Boston Dynamics released on Monday, Feb. 9, a video about a robot dog called Spot. The company has not been vocal about what it's been up to after being acquired by Google in 2013, but the video offers a glimpse at what they have been working on most recently.

Spot is a 160-pound, four-legged robot meant for both indoor and outdoor use. Electrically powered and fitted with hydraulics, the robot dog has a sensor head that helps it navigate around even rough terrain. It's smaller than the 260-pound beast that is the BigDog but is obviously big brother to the handier, puppy-sized LittleDog.

In the video, Spot walks into a hallway much like how any dog would. As it passes by cubicles in the Boston Dynamics office, it receives a surprise from one of the employees: getting kicked but not going down. There is sufficient force in the kick to topple a table, but Spot shows it can take a hit, quickly regaining its composure to continue walking.

Outside, Spot gets kicked again. It still doesn't go down but it has a harder time taking the hit while just standing up on the pavement. Maybe the carpet floors in the office offer better traction?

The robot dog continues exploring outside, easily making work of inclines whether it's going up or down. Even a rougher patch, with rocks and small branches or some stairs, doesn't give it any trouble. Going up side by side with BigDog, Spot is nimbler, which is probably due to its reduced heft.

What's a (robot) dog if you can't jog with it, right? The video also shows how Spot can easily keep up with faster strides either with a person or another robot dog.

The two-minute video can get a bit uncomfortable at times because it's hard to believe you're watching a robot dog (given Spot reacts the same way a real dog does), but it gets the job done, showing what Boston Dynamics is capable of.

Still, no information has been released regarding what Google actually plans for the company. Not that Boston Dynamics needs guidance or anything. It has, after all, produced nine robots, including the human-like ATLAS, which has some serious karate moves.

It's anyone's guess at this point as to what applications a kick-proof robot dog like Spot would be useful for. However, imagination is the only limit:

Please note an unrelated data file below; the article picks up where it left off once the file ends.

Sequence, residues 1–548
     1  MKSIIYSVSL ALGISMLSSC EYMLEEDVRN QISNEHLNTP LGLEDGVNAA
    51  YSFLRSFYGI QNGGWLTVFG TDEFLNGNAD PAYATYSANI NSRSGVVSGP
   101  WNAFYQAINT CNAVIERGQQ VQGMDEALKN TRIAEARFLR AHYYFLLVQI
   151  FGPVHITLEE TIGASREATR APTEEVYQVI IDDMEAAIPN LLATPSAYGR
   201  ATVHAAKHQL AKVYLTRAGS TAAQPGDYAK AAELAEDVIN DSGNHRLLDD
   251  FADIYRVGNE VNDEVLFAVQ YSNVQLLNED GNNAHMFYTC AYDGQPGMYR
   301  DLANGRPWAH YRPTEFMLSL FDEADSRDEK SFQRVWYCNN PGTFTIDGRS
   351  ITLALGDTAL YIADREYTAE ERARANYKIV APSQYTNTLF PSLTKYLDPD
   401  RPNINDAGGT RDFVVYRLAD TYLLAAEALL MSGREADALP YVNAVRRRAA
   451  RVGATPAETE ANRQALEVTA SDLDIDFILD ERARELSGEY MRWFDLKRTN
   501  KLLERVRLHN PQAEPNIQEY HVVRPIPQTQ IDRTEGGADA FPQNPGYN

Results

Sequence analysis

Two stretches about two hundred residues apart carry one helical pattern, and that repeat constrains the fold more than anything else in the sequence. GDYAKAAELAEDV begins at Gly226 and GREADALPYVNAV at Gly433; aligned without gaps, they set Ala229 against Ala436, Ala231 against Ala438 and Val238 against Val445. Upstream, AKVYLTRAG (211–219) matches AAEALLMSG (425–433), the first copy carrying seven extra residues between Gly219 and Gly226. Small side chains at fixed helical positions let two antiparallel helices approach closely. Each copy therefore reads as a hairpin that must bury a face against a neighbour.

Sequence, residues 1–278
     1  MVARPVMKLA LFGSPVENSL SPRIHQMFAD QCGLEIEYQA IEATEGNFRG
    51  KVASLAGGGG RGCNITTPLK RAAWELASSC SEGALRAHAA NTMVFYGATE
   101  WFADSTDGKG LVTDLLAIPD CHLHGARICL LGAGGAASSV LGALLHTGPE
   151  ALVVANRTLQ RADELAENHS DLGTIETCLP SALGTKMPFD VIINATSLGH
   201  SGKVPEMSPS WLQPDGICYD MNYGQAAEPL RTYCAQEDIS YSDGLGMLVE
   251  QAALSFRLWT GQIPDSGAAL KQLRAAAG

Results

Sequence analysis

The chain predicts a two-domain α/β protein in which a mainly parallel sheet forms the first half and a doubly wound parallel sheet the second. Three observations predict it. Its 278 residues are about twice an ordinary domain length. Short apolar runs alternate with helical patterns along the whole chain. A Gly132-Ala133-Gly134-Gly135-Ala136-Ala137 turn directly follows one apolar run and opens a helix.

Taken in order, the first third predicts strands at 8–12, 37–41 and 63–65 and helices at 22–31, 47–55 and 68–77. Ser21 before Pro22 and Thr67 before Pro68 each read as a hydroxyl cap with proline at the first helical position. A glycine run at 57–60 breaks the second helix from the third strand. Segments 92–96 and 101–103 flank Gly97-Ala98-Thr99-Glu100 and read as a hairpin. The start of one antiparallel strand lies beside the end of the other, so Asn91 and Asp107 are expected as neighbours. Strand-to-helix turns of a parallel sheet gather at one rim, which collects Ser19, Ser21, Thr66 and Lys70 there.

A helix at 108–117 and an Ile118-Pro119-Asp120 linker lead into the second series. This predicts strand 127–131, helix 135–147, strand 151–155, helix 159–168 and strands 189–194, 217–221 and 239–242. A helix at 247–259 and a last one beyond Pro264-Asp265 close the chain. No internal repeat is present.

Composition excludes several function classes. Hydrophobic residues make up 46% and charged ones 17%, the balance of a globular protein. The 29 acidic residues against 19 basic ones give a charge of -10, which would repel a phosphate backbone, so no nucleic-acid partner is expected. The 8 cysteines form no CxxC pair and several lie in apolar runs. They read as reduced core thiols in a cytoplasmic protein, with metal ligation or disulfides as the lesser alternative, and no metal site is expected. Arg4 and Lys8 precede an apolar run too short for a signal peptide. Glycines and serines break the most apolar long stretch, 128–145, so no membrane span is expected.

Future Bomb-Sniffing Robot Dog

When fully developed, this robot dog can replace real bomb sniffing K-9s. Of course, they need to be properly equipped with the right sensors that can at least match the sense of smell of dogs. With Spot then there wil be no need to risk the lives of dogs or human bomb experts.

Police Dog

When chasing for criminals, Spot might be equipped to go after criminals. Instead of a big bite from a real canine, Spot can perhaps use a stun gun to sudue subjects or pehaps tear gas or pepper spray to force criminals out of hiding. However, we need to wait until Spot can jump over fences. Ah, Spot will be a good partner for Robocop.

Search And Rescue

Spot might also be deployed to find survivors during a natural calamity. If the environment is too dangerous for human rescuers, this quadruped robot can be in tandem with drones to look for victims and point them out to rescuers. It can also carry vital basic supplies like food or drink if people cannot be pulled out immediately from danger.

Guide Dog

Spot can also be a guide dog for the blind or for the deaf. It has the technoogies needed to navigate a crowded walkway, cross a street, and other daily tasks that might be considered dangerous for the handicapped.

Herding Dog 

Put a GPS tracker on cows, sheeps, and other animals and this Boston Dynamics robot can easily herd them for you. Right from one's tablet, Spot can update farmers with the latest head count of animals or alert them in case it has trouble with an animal that has strayed away. It might also be able to serve as a guard dog to deter predators such as wolves, bears, and big cats.

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